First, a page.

But what’s been happening since 2014? In order to estimate the growth in the tax shelter, we examined one specific abuse of this provision: syndicated easements, in which promoters offer “investors” charitable deductions in return for cash. These transactions are sometimes reported in public filings with the Securities Exchange Commission (SEC) and provide data on the volume of syndicated conservation easements transactions. To identify these deals, we looked at promotional materials from syndicators that identify and track promoters, and compiled a database of security filings related to dubious conservation easement deductions. SEC filings allow us to estimate the aggregate value of syndicated conservation easement deductions, which we then translate into revenue costs using estimates of the tax rate that is likely to apply to the high-income recipients of the deductions. (If you really want to dig into it, you can read more about our methodology here).

Here’s what we found:

  • Donations appearing to have little to do with conservation efforts now claim $4.1 to $6.6 billion in “charitable” deductions. We estimate that investments in syndicated conservation easements totaled $484 million in 2015 and $623 million in 2016. Because the tax deduction generates a benefit greater than the value of the investment itself (promotors of these deals suggest the benefit is $4-$6 per dollar invested; the IRS says $9 per dollar invested), the total cost to taxpayers associated with the deals is much larger. Donations related to syndicated deals probably claim the majority of all easement donations claimed by taxpayers.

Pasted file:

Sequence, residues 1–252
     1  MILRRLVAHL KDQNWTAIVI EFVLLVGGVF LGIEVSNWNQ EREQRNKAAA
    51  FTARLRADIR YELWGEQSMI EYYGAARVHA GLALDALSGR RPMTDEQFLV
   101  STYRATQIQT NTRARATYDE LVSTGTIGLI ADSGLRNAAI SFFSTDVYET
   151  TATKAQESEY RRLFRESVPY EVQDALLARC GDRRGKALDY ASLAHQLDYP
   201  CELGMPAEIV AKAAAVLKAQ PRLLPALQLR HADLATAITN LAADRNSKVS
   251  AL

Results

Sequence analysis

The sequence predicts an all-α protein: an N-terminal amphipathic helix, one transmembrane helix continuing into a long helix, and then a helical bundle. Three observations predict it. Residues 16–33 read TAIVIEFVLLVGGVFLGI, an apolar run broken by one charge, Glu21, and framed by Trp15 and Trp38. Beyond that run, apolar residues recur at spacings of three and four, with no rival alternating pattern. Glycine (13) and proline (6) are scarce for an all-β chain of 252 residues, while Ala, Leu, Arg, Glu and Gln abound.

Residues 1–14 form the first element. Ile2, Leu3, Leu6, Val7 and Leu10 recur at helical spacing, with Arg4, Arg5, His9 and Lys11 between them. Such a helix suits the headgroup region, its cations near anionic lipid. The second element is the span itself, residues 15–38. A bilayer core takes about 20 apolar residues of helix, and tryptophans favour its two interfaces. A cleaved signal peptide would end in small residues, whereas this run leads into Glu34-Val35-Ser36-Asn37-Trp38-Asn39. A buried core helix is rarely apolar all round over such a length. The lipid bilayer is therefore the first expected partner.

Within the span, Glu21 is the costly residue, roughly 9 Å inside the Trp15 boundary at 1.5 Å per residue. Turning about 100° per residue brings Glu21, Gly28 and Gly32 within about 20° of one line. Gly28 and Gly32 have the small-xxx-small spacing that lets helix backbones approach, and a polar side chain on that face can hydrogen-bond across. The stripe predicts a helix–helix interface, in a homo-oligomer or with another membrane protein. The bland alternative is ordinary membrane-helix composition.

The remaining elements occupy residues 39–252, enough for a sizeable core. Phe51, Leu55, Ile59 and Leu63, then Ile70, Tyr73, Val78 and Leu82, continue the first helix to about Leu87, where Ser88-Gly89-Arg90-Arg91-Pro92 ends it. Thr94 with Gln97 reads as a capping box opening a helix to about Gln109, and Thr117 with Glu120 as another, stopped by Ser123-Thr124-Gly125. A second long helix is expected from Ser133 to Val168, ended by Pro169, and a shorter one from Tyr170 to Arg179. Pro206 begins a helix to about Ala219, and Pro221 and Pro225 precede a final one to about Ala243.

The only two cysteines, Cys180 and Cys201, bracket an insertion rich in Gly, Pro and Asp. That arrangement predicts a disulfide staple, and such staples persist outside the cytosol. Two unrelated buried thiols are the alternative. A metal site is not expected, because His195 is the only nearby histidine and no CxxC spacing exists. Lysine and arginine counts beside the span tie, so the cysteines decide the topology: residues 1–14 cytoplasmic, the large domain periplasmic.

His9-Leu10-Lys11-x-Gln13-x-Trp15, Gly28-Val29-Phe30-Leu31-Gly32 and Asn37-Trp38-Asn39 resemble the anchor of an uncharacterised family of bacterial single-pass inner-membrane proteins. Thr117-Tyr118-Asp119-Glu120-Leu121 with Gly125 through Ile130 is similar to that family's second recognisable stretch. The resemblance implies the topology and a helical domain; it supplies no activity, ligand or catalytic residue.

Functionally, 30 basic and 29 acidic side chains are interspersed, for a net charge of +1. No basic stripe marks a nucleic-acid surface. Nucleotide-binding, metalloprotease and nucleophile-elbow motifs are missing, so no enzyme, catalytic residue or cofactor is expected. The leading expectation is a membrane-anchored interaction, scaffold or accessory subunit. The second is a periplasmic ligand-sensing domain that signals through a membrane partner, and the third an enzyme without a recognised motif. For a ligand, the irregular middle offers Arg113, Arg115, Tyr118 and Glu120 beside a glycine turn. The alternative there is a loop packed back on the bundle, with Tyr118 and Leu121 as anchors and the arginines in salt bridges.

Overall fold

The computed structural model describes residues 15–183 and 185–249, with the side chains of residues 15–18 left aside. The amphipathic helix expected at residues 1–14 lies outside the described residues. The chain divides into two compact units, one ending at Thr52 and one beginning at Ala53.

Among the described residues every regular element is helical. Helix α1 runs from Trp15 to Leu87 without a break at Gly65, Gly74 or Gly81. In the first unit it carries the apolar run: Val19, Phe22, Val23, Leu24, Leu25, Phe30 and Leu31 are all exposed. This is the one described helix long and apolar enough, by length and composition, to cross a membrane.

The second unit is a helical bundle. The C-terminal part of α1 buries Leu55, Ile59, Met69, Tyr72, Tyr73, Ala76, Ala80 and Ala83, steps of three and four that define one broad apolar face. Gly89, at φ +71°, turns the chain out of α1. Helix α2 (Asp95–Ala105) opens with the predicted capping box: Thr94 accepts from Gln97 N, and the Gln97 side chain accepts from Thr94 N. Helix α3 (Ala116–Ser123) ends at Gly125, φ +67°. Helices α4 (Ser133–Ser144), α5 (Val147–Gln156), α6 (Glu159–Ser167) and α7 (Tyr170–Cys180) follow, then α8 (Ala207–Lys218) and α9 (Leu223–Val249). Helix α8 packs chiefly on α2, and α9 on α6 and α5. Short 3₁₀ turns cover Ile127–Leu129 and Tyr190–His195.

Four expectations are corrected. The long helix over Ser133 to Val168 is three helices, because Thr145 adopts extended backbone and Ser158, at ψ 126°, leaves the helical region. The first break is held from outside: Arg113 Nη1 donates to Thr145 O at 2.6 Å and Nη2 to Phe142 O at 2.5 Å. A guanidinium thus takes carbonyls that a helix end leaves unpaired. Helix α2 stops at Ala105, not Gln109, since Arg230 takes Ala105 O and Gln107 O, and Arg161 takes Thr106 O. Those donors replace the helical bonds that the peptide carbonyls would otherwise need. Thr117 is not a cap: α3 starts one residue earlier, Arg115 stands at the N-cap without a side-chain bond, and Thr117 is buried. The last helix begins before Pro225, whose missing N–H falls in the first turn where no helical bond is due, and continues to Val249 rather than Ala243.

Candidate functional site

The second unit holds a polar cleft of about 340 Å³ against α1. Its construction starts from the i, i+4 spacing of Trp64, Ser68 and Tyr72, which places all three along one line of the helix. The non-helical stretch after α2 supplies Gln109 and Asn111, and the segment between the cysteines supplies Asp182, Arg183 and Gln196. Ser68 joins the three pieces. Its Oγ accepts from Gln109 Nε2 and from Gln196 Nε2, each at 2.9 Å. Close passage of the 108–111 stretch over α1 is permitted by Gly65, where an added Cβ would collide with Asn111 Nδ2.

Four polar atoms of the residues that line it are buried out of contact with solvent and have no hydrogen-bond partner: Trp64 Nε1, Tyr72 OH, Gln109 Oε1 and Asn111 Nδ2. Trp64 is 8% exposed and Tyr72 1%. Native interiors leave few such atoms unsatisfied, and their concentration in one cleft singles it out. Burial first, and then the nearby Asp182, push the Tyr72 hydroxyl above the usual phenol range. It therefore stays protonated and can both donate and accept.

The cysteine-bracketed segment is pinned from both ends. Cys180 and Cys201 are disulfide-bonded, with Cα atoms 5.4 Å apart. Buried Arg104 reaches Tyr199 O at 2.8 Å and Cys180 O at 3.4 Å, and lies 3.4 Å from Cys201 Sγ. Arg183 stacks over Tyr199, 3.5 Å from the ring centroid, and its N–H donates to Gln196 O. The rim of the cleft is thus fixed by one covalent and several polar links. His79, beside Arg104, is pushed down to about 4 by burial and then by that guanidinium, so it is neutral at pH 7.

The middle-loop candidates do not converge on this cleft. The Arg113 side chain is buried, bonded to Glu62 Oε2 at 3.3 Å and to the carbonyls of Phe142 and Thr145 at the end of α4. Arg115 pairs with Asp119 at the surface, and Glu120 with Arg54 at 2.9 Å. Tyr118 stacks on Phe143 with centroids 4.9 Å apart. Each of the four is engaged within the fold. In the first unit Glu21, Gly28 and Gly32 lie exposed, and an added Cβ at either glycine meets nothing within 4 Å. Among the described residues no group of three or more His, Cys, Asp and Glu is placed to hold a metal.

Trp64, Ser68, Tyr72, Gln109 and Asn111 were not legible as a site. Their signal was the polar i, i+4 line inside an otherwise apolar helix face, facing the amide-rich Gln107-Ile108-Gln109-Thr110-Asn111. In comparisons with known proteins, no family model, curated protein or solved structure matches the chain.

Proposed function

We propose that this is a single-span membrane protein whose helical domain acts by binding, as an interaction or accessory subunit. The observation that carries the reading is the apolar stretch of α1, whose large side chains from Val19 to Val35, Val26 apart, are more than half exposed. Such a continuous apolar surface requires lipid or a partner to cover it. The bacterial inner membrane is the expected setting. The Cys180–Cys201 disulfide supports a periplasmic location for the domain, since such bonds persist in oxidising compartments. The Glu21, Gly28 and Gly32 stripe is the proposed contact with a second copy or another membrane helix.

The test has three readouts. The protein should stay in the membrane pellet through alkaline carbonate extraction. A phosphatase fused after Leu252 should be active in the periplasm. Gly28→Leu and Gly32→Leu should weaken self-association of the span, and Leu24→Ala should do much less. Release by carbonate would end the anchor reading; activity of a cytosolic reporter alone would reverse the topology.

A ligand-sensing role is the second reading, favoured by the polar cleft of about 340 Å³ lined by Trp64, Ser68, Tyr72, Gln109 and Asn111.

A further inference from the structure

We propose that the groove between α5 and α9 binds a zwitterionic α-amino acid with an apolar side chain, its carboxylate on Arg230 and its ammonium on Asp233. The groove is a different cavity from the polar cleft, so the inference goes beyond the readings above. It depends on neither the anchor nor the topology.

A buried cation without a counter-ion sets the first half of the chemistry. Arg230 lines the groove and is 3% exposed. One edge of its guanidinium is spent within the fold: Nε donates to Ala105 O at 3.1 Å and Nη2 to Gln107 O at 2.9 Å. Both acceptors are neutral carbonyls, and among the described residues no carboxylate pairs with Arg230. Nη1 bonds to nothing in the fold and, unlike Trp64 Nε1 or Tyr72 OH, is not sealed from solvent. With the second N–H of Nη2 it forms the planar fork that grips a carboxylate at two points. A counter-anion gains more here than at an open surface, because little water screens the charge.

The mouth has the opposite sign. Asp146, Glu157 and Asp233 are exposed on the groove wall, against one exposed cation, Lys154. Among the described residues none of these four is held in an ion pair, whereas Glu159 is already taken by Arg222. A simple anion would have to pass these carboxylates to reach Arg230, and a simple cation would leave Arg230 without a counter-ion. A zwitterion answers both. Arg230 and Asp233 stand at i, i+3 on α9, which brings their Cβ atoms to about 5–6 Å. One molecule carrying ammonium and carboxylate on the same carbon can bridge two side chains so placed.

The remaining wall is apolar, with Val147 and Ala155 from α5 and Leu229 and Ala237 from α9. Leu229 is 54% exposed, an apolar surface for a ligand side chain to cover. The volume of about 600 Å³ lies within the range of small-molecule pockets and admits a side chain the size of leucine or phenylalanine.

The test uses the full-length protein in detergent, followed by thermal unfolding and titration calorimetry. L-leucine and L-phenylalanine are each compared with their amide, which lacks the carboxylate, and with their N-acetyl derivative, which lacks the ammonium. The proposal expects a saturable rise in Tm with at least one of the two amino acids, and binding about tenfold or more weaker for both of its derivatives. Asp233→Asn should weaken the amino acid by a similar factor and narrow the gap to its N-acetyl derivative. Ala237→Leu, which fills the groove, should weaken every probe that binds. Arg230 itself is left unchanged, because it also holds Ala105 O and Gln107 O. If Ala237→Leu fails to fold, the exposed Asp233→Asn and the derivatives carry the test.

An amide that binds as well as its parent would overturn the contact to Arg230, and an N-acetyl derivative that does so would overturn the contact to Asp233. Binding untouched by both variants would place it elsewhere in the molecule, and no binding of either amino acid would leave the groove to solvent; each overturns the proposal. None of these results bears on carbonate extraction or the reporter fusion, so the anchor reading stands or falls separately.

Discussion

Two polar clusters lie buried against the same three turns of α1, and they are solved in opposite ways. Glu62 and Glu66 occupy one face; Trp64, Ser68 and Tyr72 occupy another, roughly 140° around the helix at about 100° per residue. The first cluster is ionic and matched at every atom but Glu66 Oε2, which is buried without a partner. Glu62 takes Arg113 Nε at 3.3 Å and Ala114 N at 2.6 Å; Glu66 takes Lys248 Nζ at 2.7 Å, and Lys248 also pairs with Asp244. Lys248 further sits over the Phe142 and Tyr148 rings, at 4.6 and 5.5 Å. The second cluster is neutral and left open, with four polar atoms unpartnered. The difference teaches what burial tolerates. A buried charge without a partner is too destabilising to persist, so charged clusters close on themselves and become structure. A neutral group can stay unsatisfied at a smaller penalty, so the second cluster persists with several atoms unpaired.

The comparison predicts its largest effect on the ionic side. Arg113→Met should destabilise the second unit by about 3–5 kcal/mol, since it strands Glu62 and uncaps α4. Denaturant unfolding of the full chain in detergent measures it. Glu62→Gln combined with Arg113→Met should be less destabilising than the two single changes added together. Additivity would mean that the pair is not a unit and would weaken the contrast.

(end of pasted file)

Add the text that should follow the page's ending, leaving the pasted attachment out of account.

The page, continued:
The chart below illustrates the growth in total deductions for conservation easement contributions reported by the IRS between 2012 and 2014 alongside our estimates of total contributions in 2015 and 2016. We assume that non-syndicated donations are constant at $1 billion per year, and add our estimate of syndicated deals.

  • The total revenue loss from syndications is likely somewhere between $1.0 billion and $1.9 billion in 2015, and between $1.3 billion and $2.4 billion in 2016. Because taxpayers participating in syndicated deals tend to be in the top tax bracket (and often in states with income taxes) and participate in the deal to claim the deduction, we estimate that each dollar of charitable contributions likely costs federal and state treasuries about $0.43. In states like California or New York, the revenue cost is closer to $0.48 per dollar deducted. Hence, each dollar invested in a syndicated deal can provide the investor with between $2 to $4 dollars of tax savings.
  • The number of promoters engaged in these deals is small and geographically concentrated, but it’s growing and spreading. The 25 promoters of syndicated deals that we identified in 2015 and 2016 represent just seven states. Two-thirds of the companies they manage are incorporated in Georgia, and almost all of the remaining entities reside in Alabama, Florida, and North Carolina. These deals often involve easements related to large real estate developments (include private residential communities, country clubs, and golf courses) or donations in high-cost areas like metropolitan suburbs and resort destinations.